Juba, South Sudan | AFP | South Sudan’s parliament has passed a $300 million (250 million euro) budget despite the war-torn country’s government conceding it lacked the funds to pay for it.
Nearly four years of civil war, as well as inadequate and decrepit infrastructure, have left the country with few sources of revenue, with oil fields that used to account for 90 percent of government income producing at very low levels and other businesses struggling.
Wani Buyu Dyori, undersecretary for economic planning at the finance ministry, said the government can raise around two-thirds of the 46 billion South Sudanese pounds needed for the budget, which was passed on Monday.
“The funding comes from oil revenues and non-oil revenues and the development partners — they always give us some resources for our people,” he said.
But Buyu admitted there would be “challenges” in raising sufficient money.
“The business community are not going to get goods in and whom do we tax if they are not coming?” Buyu said, adding that the world’s youngest country is also losing the support of traditional donors.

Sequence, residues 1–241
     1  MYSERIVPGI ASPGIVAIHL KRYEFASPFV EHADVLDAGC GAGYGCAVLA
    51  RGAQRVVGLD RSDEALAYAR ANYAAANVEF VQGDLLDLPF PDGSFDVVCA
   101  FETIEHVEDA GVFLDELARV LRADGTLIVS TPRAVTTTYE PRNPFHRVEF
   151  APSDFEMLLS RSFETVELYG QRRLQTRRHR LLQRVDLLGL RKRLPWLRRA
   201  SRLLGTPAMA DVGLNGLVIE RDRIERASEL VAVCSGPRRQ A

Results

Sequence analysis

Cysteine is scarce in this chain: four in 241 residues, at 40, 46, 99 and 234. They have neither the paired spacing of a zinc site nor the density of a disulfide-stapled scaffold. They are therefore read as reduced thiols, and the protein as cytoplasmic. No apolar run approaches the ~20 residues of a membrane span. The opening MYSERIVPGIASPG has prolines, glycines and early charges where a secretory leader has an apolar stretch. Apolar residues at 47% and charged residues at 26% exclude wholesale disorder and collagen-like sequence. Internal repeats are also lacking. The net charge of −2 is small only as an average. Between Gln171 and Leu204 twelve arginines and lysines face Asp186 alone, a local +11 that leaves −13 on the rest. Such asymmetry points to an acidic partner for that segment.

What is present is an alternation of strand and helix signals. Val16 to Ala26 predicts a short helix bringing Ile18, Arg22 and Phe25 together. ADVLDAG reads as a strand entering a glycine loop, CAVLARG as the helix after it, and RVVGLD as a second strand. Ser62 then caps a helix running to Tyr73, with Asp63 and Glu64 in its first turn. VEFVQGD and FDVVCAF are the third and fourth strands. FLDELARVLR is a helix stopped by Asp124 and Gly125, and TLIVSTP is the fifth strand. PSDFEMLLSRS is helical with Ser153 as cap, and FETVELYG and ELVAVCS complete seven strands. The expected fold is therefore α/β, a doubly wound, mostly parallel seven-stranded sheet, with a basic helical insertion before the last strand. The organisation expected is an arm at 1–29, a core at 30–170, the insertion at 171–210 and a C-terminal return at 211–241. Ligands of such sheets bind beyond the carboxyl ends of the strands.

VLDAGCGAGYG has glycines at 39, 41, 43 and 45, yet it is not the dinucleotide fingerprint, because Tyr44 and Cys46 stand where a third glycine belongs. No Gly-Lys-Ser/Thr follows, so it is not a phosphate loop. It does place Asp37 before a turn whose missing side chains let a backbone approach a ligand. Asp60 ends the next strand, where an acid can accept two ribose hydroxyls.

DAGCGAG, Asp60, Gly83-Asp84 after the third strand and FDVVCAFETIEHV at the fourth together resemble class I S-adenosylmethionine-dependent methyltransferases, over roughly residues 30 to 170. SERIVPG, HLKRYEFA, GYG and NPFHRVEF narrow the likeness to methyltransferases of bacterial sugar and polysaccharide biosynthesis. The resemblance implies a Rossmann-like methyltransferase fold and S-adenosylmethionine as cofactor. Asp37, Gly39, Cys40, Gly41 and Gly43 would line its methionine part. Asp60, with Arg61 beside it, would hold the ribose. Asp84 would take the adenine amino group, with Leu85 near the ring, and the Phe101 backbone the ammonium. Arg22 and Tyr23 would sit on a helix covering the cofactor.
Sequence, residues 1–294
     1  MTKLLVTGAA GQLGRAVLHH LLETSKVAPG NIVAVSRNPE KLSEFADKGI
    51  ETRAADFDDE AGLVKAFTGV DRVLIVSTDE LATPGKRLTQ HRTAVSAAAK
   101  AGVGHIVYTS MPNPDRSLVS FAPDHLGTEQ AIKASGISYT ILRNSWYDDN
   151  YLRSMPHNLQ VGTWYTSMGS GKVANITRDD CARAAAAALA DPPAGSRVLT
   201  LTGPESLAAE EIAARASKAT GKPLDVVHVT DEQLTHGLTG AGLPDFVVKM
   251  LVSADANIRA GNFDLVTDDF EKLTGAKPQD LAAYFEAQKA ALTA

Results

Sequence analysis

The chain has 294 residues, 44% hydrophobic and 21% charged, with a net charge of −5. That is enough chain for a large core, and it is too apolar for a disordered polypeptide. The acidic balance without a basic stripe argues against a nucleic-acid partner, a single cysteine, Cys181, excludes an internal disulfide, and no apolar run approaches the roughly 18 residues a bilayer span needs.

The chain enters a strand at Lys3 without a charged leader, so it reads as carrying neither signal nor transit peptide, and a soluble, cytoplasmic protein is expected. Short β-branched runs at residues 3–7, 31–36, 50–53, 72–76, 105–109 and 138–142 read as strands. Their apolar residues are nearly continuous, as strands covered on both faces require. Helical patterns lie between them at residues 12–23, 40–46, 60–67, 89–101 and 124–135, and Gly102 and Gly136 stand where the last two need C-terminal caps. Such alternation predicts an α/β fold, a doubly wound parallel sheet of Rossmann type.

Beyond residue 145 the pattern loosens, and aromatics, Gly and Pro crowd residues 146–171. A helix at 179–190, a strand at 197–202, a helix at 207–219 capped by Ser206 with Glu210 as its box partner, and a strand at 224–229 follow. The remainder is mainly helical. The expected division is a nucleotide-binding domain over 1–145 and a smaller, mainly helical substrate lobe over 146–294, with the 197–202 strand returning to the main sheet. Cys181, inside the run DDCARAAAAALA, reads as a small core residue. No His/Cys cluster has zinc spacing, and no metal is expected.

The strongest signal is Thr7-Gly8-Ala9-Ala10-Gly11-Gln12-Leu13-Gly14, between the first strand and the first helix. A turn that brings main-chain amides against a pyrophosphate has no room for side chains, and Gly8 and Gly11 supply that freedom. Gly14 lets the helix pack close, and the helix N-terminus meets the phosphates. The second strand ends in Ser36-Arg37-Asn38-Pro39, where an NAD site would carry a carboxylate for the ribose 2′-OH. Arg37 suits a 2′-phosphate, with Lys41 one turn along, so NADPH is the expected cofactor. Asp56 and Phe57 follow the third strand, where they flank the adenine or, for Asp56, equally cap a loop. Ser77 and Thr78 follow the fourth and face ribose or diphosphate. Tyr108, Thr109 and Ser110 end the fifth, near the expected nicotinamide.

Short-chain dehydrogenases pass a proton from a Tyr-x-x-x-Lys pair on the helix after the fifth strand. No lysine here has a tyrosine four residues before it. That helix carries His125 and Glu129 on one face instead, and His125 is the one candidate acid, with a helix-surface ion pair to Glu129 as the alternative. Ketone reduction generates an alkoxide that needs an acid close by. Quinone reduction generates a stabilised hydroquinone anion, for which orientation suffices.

Despite South Sudan being cash-strapped, the 2017/18 budget is 50 percent more than the previous year’s budget of 30 billion South Sudanese pounds, although it is less in dollar terms as the national currency has continued to collapse.
Around 40 percent of the new budget is earmarked for security.
Fuel and food shortages are routine while civil servants, nurses and teachers can go for months without being paid.
Corruption and mismanagement are rife in South Sudan but lawmakers, in passing the budget, called for transparency and accountability.
Marial Awou, head of economic studies at Juba University, said the government must “maintain discipline” if it is to emerge from the current conflict-induced economic crisis.
But, he added, an end to the war and the restoration of “peace and stability” is the primary solution.
The civil war has killed tens of thousands of people and forced more than three million from their homes since December 2013.